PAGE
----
As for the health of the game, I wonder if Silver could make a bold decision on the minimum-age requirement for entering the league. The current rule (one year out of high school) isn't ideal for either the NBA or college basketball. I mentioned this on the NBA Lockdown podcast (shameless plug): What if Silver changed the requirement to two years out of high school? But with this exception: You can come into the draft out of high school, but regardless of where you're drafted, you have to spend two years in the D-League. It would use the D-League as a minor league system and enhance the D-League product.

And it would give plenty for players coming out of high school to consider: Do I want to start making some money now and get more specific on-the-job training, or do I go to college for at least two years, benefit from the environment and the education, and then make my NBA decision? That could be a strong move, because Silver would be helping some players get more NBA-ready while also helping the college game, which he's not responsible for, but it would be a nice bonus.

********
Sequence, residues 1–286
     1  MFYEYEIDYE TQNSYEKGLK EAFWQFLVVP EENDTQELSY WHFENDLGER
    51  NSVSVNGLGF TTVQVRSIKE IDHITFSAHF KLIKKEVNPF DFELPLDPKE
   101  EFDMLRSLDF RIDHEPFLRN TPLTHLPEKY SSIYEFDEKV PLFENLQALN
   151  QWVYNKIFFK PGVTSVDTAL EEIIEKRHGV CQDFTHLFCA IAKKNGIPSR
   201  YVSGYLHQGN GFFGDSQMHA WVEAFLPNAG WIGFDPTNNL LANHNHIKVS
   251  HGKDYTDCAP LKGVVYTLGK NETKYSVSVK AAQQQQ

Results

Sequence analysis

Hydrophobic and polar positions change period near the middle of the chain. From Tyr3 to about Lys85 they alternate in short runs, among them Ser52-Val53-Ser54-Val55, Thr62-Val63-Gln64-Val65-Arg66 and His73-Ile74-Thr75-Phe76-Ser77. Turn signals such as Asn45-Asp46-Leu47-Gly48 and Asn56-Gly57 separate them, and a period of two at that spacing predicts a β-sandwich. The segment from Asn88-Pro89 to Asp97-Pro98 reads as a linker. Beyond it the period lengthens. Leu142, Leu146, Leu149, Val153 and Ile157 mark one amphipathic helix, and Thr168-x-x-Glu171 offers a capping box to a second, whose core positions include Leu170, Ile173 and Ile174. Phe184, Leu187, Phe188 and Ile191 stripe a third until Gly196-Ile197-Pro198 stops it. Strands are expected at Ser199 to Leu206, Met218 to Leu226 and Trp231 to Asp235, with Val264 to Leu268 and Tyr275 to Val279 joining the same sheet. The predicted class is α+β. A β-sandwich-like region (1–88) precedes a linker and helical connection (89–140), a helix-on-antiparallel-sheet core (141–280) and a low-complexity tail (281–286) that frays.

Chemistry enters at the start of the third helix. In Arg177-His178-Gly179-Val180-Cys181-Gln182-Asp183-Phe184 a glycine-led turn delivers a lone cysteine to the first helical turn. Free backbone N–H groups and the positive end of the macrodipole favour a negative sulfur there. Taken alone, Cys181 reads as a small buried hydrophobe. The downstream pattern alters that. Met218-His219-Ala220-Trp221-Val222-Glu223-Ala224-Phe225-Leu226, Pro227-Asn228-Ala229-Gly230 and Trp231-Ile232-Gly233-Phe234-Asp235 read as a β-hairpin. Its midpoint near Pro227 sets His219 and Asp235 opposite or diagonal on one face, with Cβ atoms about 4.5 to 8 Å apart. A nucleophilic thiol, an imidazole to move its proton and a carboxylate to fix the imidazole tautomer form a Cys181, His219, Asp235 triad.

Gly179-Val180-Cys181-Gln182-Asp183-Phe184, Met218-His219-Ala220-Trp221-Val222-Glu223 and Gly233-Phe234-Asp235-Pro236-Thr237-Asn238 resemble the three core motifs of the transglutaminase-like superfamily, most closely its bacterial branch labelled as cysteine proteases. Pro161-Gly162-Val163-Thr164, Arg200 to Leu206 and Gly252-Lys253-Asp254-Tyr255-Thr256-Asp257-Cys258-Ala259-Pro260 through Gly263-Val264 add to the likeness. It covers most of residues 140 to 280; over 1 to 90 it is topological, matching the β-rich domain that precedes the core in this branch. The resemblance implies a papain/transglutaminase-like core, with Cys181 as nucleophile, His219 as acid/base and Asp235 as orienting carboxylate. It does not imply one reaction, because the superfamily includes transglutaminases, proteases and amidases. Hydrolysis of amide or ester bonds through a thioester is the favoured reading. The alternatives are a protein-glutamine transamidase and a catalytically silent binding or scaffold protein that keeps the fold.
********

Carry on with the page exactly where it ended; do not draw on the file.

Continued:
J.A.: Bonus? I've got a bonus question for you: Name two things that the NBA has going for it right now that are better than LeBron James and Kevin Durant?

Actually, that's a trick question, not a bonus question, because the answer is "You can't." So why should Silver focus on barricading the paths they took to the NBA when high-school-to-the-pros and one-and-done served both the players and the league so well? Silver also shouldn't make it easier for the NCAA to continue its morally unjustifiable practice of amateurism.

Now if Silver wants to provide an incentive for players to stay in school, raising the rookie-scale salaries for players who wait to come into the league -- as I discussed with you last year -- is another story. But artificially forcing the next versions of Kobe Bryant, Kevin Garnett, Dwight Howard and Carmelo Anthony to play somewhere besides the NBA is not what the league needs most. And playing in the D-league doesn't give them the TV exposure they'd get in college, which makes them less marketable even when they do reach the NBA.

Silver's biggest challenge will be finding revenue streams to generate return on investment for this wave of owners who bought in at $300 million and up.